Measuring the Success of Your Communications Strategy
March 15, 2014 The NonProfit Times
The metrics that matter most are those that tell you if your communications strategy is helping you meet your organization’s overall goals. Yet, measuring that impact is complex and complicated. Your communications strategy exists to help audiences discover your organization and your work, participate in your programs and services, learn from the content you offer, and take action on issues.
What you measure should help you evaluate whether a particular strategy is effective and how you might improve it.
During the 2014 Nonprofit Technology Conference, Lauren Girardin, marketing and communications strategy consultant, and Shari Ilsen, director of engagement at VolunteerMatch, shared their advice for the kinds of metrics that nonprofits can meaningfully measure:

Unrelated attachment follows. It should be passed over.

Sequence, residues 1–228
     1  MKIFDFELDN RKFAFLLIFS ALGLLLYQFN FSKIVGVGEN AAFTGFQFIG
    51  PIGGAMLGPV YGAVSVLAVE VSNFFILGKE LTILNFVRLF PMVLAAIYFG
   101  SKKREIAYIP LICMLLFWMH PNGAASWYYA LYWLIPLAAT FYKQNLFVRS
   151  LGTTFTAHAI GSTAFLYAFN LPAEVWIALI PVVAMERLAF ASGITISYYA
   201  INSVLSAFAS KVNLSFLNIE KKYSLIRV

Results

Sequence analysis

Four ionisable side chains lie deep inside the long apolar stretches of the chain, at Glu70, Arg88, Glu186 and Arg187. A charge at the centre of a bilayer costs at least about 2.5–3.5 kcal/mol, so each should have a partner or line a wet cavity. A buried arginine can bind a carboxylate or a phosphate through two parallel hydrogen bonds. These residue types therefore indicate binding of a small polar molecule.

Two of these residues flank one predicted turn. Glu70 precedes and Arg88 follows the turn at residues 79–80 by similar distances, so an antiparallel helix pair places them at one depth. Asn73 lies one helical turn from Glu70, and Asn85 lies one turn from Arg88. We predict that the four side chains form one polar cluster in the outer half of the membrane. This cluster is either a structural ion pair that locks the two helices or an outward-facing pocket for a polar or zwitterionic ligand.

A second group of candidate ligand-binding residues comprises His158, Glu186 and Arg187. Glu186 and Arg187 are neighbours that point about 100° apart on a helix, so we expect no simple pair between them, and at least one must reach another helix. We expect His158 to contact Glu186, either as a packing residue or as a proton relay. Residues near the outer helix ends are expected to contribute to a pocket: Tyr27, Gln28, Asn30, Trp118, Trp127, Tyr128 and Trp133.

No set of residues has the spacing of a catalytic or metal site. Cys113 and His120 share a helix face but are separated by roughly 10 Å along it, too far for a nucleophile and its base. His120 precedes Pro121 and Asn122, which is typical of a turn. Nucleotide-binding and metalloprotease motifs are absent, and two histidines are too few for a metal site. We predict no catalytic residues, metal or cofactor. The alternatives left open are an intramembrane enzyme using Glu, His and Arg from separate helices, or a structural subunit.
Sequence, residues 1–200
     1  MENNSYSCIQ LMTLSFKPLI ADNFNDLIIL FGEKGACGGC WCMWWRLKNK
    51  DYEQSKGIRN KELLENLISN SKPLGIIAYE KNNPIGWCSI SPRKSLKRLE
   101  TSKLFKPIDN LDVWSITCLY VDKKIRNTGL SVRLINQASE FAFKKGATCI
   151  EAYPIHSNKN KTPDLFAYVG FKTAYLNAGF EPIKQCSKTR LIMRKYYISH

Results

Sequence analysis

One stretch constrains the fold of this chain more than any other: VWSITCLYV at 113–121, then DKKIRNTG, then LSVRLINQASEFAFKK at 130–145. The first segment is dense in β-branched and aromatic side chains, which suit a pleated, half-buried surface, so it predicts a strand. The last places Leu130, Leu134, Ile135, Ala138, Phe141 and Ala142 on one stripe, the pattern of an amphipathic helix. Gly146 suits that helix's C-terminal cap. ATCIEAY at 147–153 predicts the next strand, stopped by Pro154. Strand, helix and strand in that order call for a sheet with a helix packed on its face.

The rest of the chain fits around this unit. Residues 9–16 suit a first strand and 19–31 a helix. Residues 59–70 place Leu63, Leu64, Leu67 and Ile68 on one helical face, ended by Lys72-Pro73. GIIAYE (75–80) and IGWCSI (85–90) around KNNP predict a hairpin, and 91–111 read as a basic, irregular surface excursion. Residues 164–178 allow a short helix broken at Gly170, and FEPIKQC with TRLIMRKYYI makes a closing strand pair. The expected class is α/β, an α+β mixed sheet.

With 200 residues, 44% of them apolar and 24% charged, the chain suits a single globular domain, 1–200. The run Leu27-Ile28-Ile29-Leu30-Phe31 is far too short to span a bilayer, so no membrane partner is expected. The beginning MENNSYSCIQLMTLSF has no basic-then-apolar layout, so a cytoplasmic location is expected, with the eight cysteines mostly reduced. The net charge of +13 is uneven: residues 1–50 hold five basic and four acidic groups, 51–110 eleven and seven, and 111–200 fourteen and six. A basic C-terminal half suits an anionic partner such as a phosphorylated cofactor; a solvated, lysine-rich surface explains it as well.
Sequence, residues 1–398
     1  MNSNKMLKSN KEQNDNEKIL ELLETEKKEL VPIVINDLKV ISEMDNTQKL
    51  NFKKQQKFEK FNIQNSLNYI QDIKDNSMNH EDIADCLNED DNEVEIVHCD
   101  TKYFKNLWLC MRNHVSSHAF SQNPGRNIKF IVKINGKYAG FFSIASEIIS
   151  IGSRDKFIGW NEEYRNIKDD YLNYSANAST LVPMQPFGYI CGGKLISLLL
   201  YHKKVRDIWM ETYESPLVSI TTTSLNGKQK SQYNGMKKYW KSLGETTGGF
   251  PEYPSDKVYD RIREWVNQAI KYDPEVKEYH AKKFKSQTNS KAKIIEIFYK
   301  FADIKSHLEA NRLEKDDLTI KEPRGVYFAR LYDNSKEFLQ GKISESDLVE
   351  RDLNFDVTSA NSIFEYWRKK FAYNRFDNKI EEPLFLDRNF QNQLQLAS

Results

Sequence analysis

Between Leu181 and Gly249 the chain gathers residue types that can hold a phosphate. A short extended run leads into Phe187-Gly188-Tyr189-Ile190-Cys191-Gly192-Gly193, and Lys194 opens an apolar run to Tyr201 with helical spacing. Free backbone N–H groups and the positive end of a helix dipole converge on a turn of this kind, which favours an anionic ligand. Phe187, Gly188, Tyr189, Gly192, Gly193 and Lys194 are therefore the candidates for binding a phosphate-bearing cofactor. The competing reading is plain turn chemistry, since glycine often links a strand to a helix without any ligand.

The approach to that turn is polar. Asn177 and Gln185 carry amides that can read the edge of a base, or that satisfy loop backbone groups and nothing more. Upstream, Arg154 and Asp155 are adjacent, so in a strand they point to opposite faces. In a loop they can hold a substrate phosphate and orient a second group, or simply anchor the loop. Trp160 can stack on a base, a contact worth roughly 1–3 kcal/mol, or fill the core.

- Activity Metrics. These metrics can help you better understand what you’re doing to implement your communications strategy. Activity metrics can help you evaluate your process of producing and sharing your messages, and whether you’re following through on your work plan and best practices.
- Reach Metrics. These metrics can help you assess the size of your audience and whether it’s the right audience for your messages, so that you can understand who may potentially hear your messages. Be careful of putting too much emphasis on reach metrics, as on their own they don’t show a complete picture of your effectiveness.
- Engagement Metrics. These metrics can help you understand the effect your communications messages are having on those that hear them. Engagement metrics are a measurement of when and how others engage with you. Audience interaction is required in these metrics.
- Impact Metrics. These metrics are all about what you are really trying to achieve. Impact metrics help you measure the behaviors and attitudes you’ve shifted, the wrongs you’ve righted, and the actions you’ve inspired audiences to take.
With a thoughtful approach that keeps your goals and strategies in mind, your organization can successfully measure what matters.